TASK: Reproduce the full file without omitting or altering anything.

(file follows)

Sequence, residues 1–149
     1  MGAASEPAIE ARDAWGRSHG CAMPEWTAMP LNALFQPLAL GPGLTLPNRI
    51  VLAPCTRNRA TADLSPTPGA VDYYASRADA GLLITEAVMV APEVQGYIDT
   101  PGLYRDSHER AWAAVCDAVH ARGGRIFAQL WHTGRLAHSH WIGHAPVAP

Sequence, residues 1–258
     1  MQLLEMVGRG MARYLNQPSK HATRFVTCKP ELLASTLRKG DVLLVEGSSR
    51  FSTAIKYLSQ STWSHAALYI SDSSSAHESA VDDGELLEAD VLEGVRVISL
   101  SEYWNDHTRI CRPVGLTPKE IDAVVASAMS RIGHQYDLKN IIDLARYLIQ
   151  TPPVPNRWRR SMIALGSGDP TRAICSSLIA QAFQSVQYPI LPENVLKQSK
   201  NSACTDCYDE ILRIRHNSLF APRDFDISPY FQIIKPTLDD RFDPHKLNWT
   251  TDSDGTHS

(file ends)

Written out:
Sequence, residues 1–149
     1  MGAASEPAIE ARDAWGRSHG CAMPEWTAMP LNALFQPLAL GPGLTLPNRI
    51  VLAPCTRNRA TADLSPTPGA VDYYASRADA GLLITEAVMV APEVQGYIDT
   101  PGLYRDSHER AWAAVCDAVH ARGGRIFAQL WHTGRLAHSH WIGHAPVAP

Sequence, residues 1–258
     1  MQLLEMVGRG MARYLNQPSK HATRFVTCKP ELLASTLRKG DVLLVEGSSR
    51  FSTAIKYLSQ STWSHAALYI SDSSSAHESA VDDGELLEAD VLEGVRVISL
   101  SEYWNDHTRI CRPVGLTPKE IDAVVASAMS RIGHQYDLKN IIDLARYLIQ
   151  TPPVPNRWRR SMIALGSGDP TRAICSSLIA QAFQSVQYPI LPENVLKQSK
   201  NSACTDCYDE ILRIRHNSLF APRDFDISPY FQIIKPTLDD RFDPHKLNWT
   251  TDSDGTHS